It’s worth coming to France just to experience Deauville’s newest cultural center--Les Franciscaines. Housed in a magnificent building that once was a Franciscan convent, the beautifully-restored facility is now a unique combo of: museum, library, médiathèque, snack bar, cinema, lecture hall. In short, the absolute, coolest place you’ve ever hung out. The architectural makeover is stunning, the décor is sublime—each area is color-coordinated and theme-related. Oh, yeah, there’s an art collection of over 500 paintings. And, temporary exhibits, and photos. Also, workshops for kids & adults. Or, you can just sit there and read a magazine. Either way, you won’t want to leave.

Deauville American Film Festival (Sept)
Johnny Depp/Catherine Deneuve
(photo: Deauville American Film Festival)

This prestigious festival began in 1975 to promote American cinema and attract American and European screen stars to the area. 24/7 Screenings: Over the ten days, film screenings are held 24 hours a day. There are several categories such as: “Premieres” - screenings followed by Q&As with the creators; “Competition” - presenting indie films; “Uncle Sam’s Docs” - documentaries about American life; & “Window on French Cinema.” (Get a Day or Festival Pass to see great cinema and lots of celebrities!)

In 1912, to continue attracting chic Parisians and British high society, Deauville opened two Grand hotels in the Normandy, timber-frame style: Hôtel Barrière-Le Normandy Deauville (38 Rue Jean Mermoz) and Hôtel Barrière-Le Royal Deauville (Blvd Cornuché BP). These lovely, luxury hotels continue to welcome an international, elite crowd along with movie stars and other celebrities. It’s worth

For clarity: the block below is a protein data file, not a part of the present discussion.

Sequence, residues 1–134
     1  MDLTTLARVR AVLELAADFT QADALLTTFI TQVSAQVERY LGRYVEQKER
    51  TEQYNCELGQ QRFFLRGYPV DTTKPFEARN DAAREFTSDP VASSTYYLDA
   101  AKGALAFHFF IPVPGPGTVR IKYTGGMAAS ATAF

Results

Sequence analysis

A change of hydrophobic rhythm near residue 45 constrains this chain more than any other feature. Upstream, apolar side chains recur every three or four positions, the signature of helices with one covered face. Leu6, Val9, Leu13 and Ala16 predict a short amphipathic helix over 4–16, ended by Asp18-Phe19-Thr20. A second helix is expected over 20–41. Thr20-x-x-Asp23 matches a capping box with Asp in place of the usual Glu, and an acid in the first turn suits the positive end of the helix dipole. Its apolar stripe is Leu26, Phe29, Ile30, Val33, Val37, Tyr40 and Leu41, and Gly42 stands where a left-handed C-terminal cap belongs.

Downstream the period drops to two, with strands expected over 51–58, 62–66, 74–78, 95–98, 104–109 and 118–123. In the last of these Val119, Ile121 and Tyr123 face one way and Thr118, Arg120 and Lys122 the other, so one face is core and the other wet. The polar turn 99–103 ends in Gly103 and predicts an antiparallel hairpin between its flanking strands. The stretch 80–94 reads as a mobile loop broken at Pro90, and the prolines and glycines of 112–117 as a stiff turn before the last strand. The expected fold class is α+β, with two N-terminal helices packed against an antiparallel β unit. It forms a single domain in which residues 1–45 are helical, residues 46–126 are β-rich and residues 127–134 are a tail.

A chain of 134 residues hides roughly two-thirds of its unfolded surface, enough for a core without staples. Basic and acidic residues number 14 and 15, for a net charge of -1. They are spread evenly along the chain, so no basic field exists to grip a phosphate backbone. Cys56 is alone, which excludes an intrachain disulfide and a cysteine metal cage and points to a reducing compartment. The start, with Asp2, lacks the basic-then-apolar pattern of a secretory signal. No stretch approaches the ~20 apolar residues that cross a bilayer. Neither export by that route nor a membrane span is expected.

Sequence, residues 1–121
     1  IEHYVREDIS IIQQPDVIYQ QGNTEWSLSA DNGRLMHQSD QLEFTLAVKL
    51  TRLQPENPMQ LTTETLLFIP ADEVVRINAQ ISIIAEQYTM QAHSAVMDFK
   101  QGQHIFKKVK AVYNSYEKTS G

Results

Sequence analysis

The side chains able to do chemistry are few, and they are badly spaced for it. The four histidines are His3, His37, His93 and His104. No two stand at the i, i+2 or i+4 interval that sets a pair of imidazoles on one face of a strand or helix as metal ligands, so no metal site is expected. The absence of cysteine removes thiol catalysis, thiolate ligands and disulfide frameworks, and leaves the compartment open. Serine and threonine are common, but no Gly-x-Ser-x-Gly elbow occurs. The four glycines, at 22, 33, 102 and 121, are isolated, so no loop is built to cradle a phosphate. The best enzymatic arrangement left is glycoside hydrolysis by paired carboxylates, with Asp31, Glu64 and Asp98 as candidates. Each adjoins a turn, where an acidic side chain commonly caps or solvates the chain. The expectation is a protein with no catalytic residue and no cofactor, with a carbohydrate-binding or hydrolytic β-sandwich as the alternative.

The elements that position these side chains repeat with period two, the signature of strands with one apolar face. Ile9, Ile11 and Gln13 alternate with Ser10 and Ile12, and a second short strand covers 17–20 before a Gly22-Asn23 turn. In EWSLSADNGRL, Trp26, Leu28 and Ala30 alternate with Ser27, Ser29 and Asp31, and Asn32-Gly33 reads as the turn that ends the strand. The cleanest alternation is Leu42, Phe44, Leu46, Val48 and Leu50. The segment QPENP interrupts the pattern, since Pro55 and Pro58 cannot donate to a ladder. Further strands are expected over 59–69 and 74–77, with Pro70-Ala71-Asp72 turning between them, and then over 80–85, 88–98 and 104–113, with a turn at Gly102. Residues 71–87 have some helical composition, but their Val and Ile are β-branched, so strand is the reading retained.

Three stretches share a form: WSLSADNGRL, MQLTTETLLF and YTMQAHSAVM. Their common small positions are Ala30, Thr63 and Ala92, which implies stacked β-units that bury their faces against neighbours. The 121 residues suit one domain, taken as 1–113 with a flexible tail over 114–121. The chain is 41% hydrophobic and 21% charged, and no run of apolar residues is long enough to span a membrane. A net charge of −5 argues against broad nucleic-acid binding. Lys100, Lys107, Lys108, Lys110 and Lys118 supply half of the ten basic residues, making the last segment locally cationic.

Le Normandy (photo: Group Barrière)
the splurge to stay at one of them but, if not in the budget, just come by to enjoy a delicious, afternoon tea or evening cocktail; sit in the lounges and gawk.
Right between the two hotels is the Casino Barrière de Deauville (2 rue Edmond Blanc). You can tempt “lady luck”, but you don’t have to be a gambler to spend an evening here. There’s an elegant, little theatre--a replica of the Petit Trianon at Versailles--where classic & contemporary dance, concerts, musicals, and even one-man shows are performed.

Other Sports Activities:
For duffers, there are world-class, golf courses such as the Golf Barrière Deauville & the Amirauté Golf. For swimmers or just anyone who enjoys a soak without having to go into the ocean, there’s the Piscine Olympique de Deauville (Blvd de la Mer). Two pools filled with heated, purified sea water. Like spending a day at a spa at a fraction of the cost. There’s also great sailing.
Porte Bassin Morny (photo: Naiade Plante/inDeauville)

Where To Stay: In addition to the aforementioned Grand hotels, there’s a range of accommodations to select from in Deauville and the surrounding area.
Getting There: Take the fast train (TGV) from Paris to the Trouville-Deauville train station (2hrs). Or, drive. From Paris to Deauville, it’s around 120 miles/194 km (2hrs) on Autoroute A13 (with tolls) or meander on back roads discovering other lovely areas of the Normandy region along the way.
Nearby Jaunts:
The “Côte Fleurie” is a succession of lovely towns on long, sandy beaches along the coastline of the Calvados area in the Normandy region. Visit all the towns such as Trouville, Honfleur & Cabourg.